Editorial by John Fleming
The “invention of the wheel, which doesn’t look at all like a leg” (Guillaume Apollinaire), sums up in a few words what is undoubtedly one of humanity’s most useful scientific concepts. Continuous rotary motion through the simplicity and formal elegance of the circle harnesses human energy and natural forces such as wind and water to devices and mechanical applications that now surround us at every turn. Bicycles, motorcycles, trains, cars, and propeller-driven vehicles have a long and continuing history of essential and recreational uses, despite the innovations of the electronic age.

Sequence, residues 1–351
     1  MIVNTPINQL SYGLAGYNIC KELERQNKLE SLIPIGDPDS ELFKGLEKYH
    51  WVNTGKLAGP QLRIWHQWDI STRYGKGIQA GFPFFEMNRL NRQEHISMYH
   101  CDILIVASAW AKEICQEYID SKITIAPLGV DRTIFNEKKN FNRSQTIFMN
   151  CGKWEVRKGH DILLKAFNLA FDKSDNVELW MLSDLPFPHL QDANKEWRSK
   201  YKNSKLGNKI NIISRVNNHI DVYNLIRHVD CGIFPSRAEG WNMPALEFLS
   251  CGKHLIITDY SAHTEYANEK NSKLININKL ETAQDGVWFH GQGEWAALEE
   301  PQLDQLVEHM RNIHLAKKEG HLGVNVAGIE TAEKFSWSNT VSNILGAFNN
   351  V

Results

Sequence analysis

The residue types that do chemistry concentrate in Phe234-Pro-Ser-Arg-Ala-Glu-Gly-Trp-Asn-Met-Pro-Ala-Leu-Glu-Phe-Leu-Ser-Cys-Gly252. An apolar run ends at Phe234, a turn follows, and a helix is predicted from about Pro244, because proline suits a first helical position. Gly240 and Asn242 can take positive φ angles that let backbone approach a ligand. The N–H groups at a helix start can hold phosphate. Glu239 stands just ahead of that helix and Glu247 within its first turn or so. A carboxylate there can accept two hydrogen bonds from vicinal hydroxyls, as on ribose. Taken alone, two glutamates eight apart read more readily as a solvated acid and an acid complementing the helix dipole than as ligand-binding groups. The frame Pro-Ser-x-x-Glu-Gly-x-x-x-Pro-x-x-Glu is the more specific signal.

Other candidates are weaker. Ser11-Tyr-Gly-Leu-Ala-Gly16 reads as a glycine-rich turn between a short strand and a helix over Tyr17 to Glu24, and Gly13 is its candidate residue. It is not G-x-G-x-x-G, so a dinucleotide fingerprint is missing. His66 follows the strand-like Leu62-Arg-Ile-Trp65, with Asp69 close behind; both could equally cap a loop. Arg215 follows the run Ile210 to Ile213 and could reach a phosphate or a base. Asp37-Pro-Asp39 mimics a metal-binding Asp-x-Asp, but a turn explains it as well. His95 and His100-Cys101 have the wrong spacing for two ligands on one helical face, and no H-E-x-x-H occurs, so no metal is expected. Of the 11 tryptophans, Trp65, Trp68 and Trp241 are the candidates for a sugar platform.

This issue collects a few images of wheels in motion to show how entangled and embedded the aesthetic impulse still is in the most commonplace of contemporary vehicles, and the persistence, in parallel with the wheel, of historical ways and means of travel native to Canada and early settlement; canoes, snowshoes, toboggans, sledges and sleighs are now largely part of the past or assigned to sport and recreation. Yet their continuing presence today perpetuates the psychic bond we have with geography and climate at a time when these modes of transport were a basic part of life throughout the year.